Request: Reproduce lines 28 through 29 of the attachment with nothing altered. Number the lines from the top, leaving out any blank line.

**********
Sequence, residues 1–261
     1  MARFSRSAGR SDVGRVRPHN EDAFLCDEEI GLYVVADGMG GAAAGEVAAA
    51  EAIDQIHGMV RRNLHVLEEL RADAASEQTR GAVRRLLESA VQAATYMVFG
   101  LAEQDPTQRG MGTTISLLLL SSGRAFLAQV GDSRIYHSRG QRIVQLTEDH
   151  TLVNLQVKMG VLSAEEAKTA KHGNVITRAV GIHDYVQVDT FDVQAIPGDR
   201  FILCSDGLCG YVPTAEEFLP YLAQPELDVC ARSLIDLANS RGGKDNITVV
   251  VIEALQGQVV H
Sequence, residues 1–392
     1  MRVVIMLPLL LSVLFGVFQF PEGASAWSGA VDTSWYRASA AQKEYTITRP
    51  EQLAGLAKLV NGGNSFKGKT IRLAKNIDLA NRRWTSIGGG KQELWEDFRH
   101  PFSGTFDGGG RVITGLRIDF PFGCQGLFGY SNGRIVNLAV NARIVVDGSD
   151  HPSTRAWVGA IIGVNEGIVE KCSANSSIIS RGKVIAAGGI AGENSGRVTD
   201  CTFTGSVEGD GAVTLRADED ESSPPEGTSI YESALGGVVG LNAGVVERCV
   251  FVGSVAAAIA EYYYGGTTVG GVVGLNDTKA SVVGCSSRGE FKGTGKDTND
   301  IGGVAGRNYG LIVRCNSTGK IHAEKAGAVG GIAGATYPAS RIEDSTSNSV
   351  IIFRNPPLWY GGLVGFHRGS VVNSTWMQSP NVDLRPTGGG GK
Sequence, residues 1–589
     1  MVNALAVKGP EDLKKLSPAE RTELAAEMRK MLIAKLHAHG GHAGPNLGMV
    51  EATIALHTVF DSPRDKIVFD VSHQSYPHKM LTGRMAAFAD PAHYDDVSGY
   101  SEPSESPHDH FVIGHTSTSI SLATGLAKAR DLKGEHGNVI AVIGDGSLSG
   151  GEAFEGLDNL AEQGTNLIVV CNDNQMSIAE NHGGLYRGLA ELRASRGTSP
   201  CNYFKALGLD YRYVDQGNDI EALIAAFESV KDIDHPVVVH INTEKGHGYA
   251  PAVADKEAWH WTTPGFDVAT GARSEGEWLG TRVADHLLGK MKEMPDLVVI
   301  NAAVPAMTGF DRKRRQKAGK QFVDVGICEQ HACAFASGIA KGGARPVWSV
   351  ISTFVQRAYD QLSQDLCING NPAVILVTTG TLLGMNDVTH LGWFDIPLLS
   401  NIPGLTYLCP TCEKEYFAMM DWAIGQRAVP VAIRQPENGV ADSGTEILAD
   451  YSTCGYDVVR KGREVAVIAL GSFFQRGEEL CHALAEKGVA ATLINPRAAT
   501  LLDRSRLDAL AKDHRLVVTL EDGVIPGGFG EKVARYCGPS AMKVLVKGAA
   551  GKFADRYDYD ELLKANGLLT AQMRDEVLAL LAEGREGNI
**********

   501  LLDRSRLDAL AKDHRLVVTL EDGVIPGGFG EKVARYCGPS AMKVLVKGAA
   551  GKFADRYDYD ELLKANGLLT AQMRDEVLAL LAEGREGNI